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Review: A Christmas Carol (Royal Shakespeare Theatre)

Review by Raphael Kohn

It’s never too early for Christmas, is it? We’re barely into November, and yet the festivities are certainly starting in Stratford-upon-Avon as the Royal Shakespeare Company brings Dickens’ ever-famous story to the stage in David Edgar’s 2017 adaptation.

The plot is one we all know and love - the transformation of the miserly Scrooge through the visitations of his dead business partner and three ghosts across the course of Christmas Eve as he learns to love Christmas and his fellow people, setting aside his love of money to embrace the warmth of Christmas.

To prevent this from being overly familiar and to distinguish it from every single other production of A Christmas Carol (and there seem to be many on the stages of the United Kingdom at the moment), this production adds in several new elements, such as the framing of the whole piece by actors playing the parts of Charles Dickens and his friend, John Forster (played by Gavin Fowler and Beruce Khan respectively), who narrate and discuss the events of the play throughout. This sets a rather political tone to the play, setting it against the backdrop of poverty and destitution in Victorian times, with Dickens initially planning the story as a rallying cry to support the needy.

Perhaps starting in this way is where the piece falls down slightly. Adrian Edmonson, a comedian at heart, plays Scrooge as a primarily comic part, and he’s incredibly funny in the role. I’m sure the children in the audience (who seemed to fill the entire balcony) adored his performance, but for me, his portrayal relied on a single facial expression and gait, which lost Scrooge’s growth and journey in its permanency. However, against the political undertones that come back time and time again in Dickens’ interjections and the other characters, such as the Cratchits, the tonal contrast just didn’t seem to work very well for me, and the show could have perhaps done with a touch more focus on the political, or the comedy, instead of trying to find a balance between the two. There was only one moment where this worked for me – a fantastically-timed joke from Edmonson’s Scrooge about recent British politics that seemingly came out of nowhere – but on the whole, I felt as if the tone could have done with more consistency.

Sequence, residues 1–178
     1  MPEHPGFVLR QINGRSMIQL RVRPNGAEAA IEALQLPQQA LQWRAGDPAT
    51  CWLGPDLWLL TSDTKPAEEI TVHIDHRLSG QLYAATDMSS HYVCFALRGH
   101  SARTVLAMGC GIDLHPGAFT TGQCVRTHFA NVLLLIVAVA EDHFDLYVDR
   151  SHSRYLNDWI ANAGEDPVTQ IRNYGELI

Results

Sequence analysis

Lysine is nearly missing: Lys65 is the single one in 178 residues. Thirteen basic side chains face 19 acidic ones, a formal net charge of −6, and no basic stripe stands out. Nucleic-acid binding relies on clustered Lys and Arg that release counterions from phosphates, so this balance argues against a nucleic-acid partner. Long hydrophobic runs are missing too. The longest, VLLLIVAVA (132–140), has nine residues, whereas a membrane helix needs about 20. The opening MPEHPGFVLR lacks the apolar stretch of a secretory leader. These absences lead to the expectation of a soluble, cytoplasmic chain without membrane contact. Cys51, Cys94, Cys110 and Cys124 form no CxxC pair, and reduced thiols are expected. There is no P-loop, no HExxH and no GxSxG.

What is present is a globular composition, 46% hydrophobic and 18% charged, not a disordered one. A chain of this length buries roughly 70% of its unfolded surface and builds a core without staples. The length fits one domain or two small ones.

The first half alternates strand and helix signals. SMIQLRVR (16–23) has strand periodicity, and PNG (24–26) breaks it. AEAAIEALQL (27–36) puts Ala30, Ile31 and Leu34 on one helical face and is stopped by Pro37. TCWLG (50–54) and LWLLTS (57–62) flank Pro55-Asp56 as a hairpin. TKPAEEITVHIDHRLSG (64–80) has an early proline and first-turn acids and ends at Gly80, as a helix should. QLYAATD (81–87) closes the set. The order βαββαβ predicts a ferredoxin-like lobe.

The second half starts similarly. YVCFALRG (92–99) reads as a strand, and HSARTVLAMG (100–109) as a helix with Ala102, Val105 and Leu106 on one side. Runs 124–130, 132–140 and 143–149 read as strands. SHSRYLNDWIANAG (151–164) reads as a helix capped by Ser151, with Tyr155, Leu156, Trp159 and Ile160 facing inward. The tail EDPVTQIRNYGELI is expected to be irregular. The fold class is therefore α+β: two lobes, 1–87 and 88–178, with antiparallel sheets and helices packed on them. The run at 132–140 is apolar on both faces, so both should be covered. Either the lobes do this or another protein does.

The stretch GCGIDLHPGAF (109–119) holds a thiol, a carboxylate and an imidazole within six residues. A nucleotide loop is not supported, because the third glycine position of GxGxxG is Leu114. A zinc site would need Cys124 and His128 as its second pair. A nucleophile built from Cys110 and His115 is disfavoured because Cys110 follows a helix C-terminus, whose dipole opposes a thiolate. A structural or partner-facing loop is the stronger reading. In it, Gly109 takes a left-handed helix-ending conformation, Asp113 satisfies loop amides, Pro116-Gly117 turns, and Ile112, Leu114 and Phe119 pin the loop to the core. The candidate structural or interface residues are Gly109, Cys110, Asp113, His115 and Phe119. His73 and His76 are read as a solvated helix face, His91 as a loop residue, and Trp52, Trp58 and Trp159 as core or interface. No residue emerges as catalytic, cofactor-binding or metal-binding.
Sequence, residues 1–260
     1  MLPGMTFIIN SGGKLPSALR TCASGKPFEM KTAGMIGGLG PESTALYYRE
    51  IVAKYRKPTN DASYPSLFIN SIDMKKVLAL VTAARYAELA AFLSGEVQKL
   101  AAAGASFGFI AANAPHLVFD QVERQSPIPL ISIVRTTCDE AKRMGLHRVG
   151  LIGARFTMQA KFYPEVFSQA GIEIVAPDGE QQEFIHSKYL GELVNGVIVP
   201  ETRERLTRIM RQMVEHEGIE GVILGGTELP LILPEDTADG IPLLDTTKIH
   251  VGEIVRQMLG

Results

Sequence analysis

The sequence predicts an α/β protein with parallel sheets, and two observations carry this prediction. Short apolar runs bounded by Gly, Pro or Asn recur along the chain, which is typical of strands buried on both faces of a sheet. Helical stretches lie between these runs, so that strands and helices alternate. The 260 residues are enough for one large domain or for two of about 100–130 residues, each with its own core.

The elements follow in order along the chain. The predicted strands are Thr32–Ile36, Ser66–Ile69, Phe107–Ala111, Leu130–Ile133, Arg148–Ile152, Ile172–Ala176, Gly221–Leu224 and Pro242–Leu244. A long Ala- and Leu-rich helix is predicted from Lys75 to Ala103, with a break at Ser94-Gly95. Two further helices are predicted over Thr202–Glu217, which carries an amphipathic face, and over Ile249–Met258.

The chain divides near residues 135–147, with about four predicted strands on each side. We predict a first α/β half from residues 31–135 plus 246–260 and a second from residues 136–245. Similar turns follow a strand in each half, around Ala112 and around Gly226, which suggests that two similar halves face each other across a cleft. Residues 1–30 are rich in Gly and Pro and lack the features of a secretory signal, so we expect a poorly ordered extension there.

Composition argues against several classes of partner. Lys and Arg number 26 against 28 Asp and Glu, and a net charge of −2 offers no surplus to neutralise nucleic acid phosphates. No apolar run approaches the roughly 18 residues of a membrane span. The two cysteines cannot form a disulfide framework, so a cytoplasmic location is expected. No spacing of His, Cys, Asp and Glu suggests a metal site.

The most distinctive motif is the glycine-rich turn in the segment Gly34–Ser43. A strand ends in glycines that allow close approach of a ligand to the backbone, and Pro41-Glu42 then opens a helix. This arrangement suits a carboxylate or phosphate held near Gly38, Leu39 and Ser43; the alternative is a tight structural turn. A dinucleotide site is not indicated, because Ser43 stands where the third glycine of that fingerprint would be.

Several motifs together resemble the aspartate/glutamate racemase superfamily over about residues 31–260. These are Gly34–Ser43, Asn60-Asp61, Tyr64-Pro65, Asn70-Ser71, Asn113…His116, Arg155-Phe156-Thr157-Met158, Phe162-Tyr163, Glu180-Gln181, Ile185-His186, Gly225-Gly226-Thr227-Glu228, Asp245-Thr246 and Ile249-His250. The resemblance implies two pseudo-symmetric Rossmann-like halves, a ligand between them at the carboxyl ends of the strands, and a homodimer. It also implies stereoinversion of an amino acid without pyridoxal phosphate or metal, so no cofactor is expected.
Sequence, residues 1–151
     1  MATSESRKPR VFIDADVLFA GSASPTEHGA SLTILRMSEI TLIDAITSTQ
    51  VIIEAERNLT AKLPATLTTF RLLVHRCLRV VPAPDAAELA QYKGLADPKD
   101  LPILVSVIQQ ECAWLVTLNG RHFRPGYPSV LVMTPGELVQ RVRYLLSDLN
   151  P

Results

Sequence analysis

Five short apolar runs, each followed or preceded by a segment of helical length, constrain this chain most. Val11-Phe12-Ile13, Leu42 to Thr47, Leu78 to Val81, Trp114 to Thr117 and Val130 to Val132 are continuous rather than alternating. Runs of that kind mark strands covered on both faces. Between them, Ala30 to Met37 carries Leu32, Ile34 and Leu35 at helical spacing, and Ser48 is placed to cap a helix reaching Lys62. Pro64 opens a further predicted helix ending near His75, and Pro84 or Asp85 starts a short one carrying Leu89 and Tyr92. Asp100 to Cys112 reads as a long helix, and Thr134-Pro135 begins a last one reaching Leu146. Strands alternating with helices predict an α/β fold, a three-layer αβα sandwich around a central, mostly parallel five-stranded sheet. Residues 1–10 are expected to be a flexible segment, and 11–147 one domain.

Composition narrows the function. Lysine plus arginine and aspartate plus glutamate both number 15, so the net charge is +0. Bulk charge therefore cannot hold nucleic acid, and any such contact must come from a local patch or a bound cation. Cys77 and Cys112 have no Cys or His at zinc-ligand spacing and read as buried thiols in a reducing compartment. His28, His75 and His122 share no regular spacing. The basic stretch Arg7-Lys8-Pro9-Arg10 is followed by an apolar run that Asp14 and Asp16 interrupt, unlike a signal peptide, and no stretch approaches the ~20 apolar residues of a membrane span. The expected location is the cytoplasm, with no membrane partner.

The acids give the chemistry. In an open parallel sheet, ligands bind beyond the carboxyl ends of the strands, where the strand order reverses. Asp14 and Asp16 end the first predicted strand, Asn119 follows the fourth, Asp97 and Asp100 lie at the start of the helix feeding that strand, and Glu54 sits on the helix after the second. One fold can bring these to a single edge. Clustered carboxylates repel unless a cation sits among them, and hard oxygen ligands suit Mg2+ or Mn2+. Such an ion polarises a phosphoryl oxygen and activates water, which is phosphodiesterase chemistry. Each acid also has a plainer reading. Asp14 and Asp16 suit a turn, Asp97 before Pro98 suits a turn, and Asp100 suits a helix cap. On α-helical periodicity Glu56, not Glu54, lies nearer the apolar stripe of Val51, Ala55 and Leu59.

Thankfully, the ensemble as a whole are spectacular performers who keep the production going strongly, especially the children. On the night I saw the performance, Gracie Coates played the role of Tiny Tim with such charm and wit that she entirely stole the show from the adult actors around her.

The 2-and-a-half hours of this play are absolutely full of moments that will stay with me for a while, such as an absolutely spectacular tableau of the workers, shrouded in smoke, emerging from the back wall of the stage as Scrooge begins to see the effect of his actions and the broader context of his privilege, as well as the Ghost of Christmas Present’s journey with Scrooge on a carpet, filling the entire auditorium with stage smoke, wafted around by the fantastic costumes with wide, flowing dresses and smart top hats and tails. I nearly did three ships in my pants at one moment, when the Ghost of Christmas Yet To Come is revealed. The stains on my sleeve from my interval drink that soaked my shirt and spilt all over the floor speak for themselves as I jumped out of my seat (along with much of the audience).

Unfortunately, for a production that credits Ben Hart for ‘Illusions’, these seemed to be somewhat few and far between, although the illusions that do take place are rather spectacular indeed, designed, choreographed and performed to perfection.

I had expected to arrive at the RSC to see a play and was pleasantly surprised to see the integration of music into the show. While certainly not a musical, the show is propelled forward by the music and dance, for example, a lovely dance sequence at Fezziwig’s Christmas party. This moment truly brought a warm sense of Christmas spirit into the audience and put a smile on the whole audience’s faces. This is complemented by the occasional underscoring of scenes with music that often recalled Christmas Carols in its themes, penned by Catherine Jayes.

I left the theatre feeling a modest sense of Christmas warmth. It wasn’t a hearty cup of mulled wine by the fire of a Christmas comedy, nor was it a bag of frozen brussels sprouts of a ghost story, but it brought a Christmas spirit to the theatre once again with an incredibly talented ensemble of performers.


A Christmas Carol plays at the Royal Shakespeare Theatre until 1st January 2023. Tickets available from

Photos by Manuel Harlan



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